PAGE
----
Noel Malcom’s not especially short but very informative Kosovo: A short history has put me in a Balkany mood. I remembered my grandmother, Dorrie (Dragica actually), telling me about her friend’s excellent “Yugoslav” gnocchi. It actually sounded remarkably like Italian gnocchi but I wasn’t going to push the issue. I got a request to cook something with noodles or rice for dinner for my sister-in-law – in from Darwin – and gnocchi seemed to fit the bill.
My last gnocchi meal was an exceptional sweet potato gnocchi with bacon, pear, and chicken at the Inglewood hotel 3 months back. I was impressed by the combination of textures but had no idea of how to make it, but I’d attempt something similar anyway. I had a few things to think about.
I looked up my current love, The Classic Italian Cookbook by Marcella Hazan. Uncompromising and wise, here’s another quick sample for you:
We have all heard about the decline of the tomato. To judge by the plastic-wrapped examples in the supermarkets not even the worst reports are exaggerated.
Sweet spiky music. I followed her recipe but added sweet potatoes.
Boil an equal quantity of starchy potatoes(boiled in their skins and then peeled) and sweet potatoes and then mash. She recommends not adding egg yolks to keep them lighter and fluffier, but I wanted a more robust gnocchi so I added one egg yolk.
Then mix in the plain flour – as an approximation use between a 1/5th to a 1/6th of the weight of the potato. The goal is to be able to knead it to “smooth, soft, and slightly sticky”.
Roll the gnocchi out into thumb-width cylinders, dusting with flour if it gets too sticky, and cut into 18mm pieces. To get the sauce grabbing ridges and the even cooking indent, place the piece on a fork and then press down in the middle with your finger and then let it drop off. They got better with a little practice.
Boil up a big pot of salted water, toss some in, and when they float to the surface, give them a few seconds grace, and scoop them out. Line the bottom of a baking diah with them.
The completely amazing thing about gnocchi is how a dish which comprises of two ingredients can involve so many factors influencing the outcome. Molecules eh!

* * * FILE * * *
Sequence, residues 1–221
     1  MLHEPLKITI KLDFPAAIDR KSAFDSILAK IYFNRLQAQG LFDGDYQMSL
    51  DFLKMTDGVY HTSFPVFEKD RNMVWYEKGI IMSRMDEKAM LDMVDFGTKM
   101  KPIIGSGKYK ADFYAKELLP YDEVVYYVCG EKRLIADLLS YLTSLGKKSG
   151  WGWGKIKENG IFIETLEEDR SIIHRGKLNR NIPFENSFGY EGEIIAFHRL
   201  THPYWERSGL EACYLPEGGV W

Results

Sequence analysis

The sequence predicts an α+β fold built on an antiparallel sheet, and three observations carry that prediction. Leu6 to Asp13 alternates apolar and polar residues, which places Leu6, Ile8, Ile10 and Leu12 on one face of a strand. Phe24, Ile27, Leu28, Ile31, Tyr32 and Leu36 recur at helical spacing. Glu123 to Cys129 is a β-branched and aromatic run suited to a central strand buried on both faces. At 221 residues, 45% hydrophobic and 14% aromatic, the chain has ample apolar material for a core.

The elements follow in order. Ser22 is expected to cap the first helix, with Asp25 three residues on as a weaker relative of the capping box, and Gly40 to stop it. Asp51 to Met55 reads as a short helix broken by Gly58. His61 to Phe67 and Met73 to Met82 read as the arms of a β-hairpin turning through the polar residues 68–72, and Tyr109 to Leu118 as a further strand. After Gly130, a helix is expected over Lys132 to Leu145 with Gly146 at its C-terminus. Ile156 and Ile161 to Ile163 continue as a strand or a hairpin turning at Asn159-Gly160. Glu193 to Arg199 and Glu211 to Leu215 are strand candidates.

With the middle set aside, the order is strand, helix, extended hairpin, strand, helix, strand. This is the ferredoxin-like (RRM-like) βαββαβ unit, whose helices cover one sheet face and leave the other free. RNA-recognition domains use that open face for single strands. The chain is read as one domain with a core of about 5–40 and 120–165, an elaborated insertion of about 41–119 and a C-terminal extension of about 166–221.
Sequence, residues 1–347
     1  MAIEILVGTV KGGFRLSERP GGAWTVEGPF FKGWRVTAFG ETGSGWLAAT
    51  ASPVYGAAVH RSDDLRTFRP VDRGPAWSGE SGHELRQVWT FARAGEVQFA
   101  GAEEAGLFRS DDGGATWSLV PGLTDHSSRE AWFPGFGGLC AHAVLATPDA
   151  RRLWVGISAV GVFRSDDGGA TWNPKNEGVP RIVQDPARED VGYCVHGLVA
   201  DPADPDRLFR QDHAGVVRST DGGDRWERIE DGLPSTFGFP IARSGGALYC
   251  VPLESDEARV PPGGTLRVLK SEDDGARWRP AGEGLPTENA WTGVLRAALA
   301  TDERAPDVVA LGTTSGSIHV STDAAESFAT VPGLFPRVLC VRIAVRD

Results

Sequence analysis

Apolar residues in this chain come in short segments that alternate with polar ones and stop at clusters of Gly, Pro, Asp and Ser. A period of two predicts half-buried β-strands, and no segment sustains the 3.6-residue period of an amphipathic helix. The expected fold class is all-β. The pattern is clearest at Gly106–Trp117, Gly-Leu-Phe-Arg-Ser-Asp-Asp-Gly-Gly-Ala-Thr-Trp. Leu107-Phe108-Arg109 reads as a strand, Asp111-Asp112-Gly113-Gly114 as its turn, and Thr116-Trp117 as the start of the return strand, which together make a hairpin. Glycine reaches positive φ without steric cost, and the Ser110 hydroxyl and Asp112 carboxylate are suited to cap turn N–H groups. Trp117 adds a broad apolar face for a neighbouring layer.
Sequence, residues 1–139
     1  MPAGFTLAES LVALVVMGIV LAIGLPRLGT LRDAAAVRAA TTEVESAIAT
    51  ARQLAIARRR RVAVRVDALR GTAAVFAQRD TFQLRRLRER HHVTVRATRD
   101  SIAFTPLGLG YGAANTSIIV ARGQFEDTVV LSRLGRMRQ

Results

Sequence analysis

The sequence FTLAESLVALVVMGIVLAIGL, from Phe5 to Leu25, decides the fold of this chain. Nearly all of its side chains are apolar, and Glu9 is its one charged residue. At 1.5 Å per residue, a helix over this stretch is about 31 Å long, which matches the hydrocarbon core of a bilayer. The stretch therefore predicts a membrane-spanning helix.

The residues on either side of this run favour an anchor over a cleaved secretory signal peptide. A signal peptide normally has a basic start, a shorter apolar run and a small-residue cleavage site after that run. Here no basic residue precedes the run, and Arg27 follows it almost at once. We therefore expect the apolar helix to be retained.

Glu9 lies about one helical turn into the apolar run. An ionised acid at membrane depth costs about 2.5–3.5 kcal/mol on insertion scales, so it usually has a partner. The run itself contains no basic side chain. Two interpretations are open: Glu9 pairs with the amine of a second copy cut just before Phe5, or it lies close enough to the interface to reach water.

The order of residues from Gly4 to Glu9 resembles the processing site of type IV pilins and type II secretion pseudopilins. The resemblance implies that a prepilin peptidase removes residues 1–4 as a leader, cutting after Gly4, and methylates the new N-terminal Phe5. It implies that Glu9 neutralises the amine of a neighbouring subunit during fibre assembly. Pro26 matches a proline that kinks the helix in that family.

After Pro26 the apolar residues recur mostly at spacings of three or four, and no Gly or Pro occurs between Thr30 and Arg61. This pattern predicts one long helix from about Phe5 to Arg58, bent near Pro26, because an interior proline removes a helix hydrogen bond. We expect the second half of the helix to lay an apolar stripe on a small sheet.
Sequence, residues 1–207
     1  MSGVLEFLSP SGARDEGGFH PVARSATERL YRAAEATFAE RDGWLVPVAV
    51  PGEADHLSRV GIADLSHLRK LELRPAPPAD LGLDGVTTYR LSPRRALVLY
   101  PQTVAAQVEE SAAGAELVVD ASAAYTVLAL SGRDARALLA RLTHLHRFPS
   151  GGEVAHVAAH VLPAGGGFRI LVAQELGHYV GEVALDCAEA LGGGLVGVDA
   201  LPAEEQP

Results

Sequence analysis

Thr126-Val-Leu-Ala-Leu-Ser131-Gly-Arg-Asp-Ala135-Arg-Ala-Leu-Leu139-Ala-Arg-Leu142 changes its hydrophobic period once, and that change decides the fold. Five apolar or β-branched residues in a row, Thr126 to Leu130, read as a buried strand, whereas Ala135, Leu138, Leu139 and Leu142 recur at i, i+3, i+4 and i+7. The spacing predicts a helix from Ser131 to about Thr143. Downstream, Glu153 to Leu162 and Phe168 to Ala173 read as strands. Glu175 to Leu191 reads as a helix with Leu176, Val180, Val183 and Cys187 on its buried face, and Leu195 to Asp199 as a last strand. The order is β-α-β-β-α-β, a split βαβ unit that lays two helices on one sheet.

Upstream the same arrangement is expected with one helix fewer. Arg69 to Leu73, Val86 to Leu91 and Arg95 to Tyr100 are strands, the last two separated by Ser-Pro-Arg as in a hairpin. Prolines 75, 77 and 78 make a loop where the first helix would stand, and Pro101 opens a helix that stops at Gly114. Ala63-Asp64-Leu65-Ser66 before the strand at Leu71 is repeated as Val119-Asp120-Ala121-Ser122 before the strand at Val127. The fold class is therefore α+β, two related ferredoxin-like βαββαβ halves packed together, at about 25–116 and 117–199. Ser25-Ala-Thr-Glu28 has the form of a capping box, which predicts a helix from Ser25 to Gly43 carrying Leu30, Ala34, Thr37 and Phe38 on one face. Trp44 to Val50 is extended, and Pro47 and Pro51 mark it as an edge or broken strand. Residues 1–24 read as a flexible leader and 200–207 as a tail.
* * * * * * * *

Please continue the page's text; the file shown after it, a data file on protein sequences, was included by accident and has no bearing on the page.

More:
Pork and apples is an obvious choice but pears aren’t so different and juicier, nashi apples have the best of both. Just to make sure there was a completely crunchy fourth element, I thought of walnuts and the use of a walnut in devil’s on horsesback confirmed the relationship.
Small cubed four pork chops, and cooked in a frypan with butter and half a chopped chilli. Tossed in a tablespoon combined of fresh sage and thyme. The sage came about because of the tasty prosciutto and figs I had at Crafty’s.
A splash of white wine to get things moving along, then I decided I needed more room and moved to the wok. Lightly toasted a cup of walnuts and then added the contents of the frypan. Next was a diced pear and two diced nashi. Leave dicing of these to the last minute to avoid discolouration. Cook over a high heat to a stir fry ideal of hot and crisp, and then pour over the gnocchi.
Place it in a 180C oven while you make the sauce. The goal was to get everything a little crunchily roasted.
A few options, I toyed with a cream sauce for a while but remebered a recipe I cooked ages ago – quail with grapes and this convinced me of the merits of a chicken stock reduction. A cup of chicken stock into the frypan with another cup of white wine and a little more sage and thyme, scrape and stir until reduced by a half, and season to taste. Place the gnocchi mix in a plate and pour some of the sauce over it.
Toni and Vic were very happy with it. For me, I found the gnocchi a little gluey, and the pork and the pears a little overcooked. Omitting the oven stage and serving straight from the wok might have improved matters. The flavours were well balanced on the mild side but maybe a little more chilli for some bite would have added bite.
It’s an interesting dish because you could spend a long time trying to get it just right. Kneading though, hard to love. Interesting think piece¹, and tasty.